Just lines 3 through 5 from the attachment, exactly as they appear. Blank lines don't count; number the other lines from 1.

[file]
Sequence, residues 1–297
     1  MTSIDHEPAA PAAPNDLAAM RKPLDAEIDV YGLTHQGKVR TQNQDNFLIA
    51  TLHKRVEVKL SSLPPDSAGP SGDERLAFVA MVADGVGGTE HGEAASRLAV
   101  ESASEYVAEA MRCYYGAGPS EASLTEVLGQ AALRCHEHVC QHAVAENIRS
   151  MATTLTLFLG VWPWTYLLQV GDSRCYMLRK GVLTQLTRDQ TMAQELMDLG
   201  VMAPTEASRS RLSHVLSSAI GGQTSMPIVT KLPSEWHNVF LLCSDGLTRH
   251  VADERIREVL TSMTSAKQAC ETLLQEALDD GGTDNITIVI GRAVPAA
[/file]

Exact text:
    51  TLHKRVEVKL SSLPPDSAGP SGDERLAFVA MVADGVGGTE HGEAASRLAV
   101  ESASEYVAEA MRCYYGAGPS EASLTEVLGQ AALRCHEHVC QHAVAENIRS
   151  MATTLTLFLG VWPWTYLLQV GDSRCYMLRK GVLTQLTRDQ TMAQELMDLG